Passing on the left. We have discussed the issue of overtaking on the left vehicles turning left (see above). With the exception of this aspect (regulation 122(4)) a cyclist is allowed to overtake other vehicles on the left (regulation 122 (1)).
Riding two-abreast. There are two aspects to the riding two-abreast rules in Western Australia: riding on roads and riding on paths (regulation 130). With respect to riding on roads, cyclists are allowed to ride two abreast, however, when it comes to shared-paths (PSP and RSP) riding two abreast is not allowed. The only exception to this rule and it applies to paths and roads, is that is when overtaking a cyclist can go two abreast on a path and three wide on a road.
Specific Provisions for Bicycle Riders
This part of the Road Traffic Code 2000 is cyclists’ specific area of the Code.
Part 15 of the Road Traffic Code 2000 opens with regulation 211 which spells out how we must ride a bicycle, i.e., ride facing forward, have at least one hand on the bars (no hands free riding) and finally and the most interesting aspect is a rider must remain seated, i.e., one cannot stand up (regulation 211(c)) unless the bicycle does not have seat. For the record, regulation 211(c) states:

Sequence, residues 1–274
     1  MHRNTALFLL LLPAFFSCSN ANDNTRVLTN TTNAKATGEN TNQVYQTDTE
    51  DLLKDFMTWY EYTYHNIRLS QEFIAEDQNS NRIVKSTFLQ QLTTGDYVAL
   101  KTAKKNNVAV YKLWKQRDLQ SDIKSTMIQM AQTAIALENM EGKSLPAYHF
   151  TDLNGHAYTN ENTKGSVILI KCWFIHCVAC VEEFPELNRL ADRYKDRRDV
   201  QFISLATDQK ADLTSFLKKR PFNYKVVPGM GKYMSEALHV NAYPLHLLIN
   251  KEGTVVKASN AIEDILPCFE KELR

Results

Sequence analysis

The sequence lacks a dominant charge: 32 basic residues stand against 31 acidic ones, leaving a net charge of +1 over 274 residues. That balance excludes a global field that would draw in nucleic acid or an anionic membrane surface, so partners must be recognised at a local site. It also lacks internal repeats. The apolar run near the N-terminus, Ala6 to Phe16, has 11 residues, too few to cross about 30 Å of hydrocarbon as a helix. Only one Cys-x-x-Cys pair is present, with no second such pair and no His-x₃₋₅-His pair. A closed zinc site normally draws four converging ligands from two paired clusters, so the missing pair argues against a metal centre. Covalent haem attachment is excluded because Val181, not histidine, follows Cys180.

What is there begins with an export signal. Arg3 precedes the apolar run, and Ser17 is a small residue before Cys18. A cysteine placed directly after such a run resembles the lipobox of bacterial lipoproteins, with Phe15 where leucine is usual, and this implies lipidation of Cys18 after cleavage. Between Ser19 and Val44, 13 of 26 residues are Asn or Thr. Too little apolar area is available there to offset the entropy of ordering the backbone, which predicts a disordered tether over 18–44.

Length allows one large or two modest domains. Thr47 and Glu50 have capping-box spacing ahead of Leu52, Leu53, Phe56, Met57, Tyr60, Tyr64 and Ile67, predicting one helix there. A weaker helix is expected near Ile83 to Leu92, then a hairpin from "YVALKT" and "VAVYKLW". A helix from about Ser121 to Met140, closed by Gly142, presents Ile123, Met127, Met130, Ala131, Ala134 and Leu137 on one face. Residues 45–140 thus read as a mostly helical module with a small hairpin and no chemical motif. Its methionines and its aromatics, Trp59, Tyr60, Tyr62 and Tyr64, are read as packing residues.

“if the bicycle is equipped with a rider’s seat — ride the bicycle seated in or on that seat.”
Regulation 212 sets out the rules on carrying a pillion, a child on a bicycle and riding a tandem. All of this is okay as long as there is a seat and in respect to carrying children, the rider must be at least 16 years of age.
Regulation 213 deals with riding in a bicycle lane. A bicycle lane is not a shallow with painted road markings. A bicycle lane is a specific lane on a road for cyclists (see definition below for more details). It must be clearly defined by appropriate road signs, not road markings. Where a lane is a defined bicycle lane cyclists must ride in the lane as long as it is in reasonable condition for use.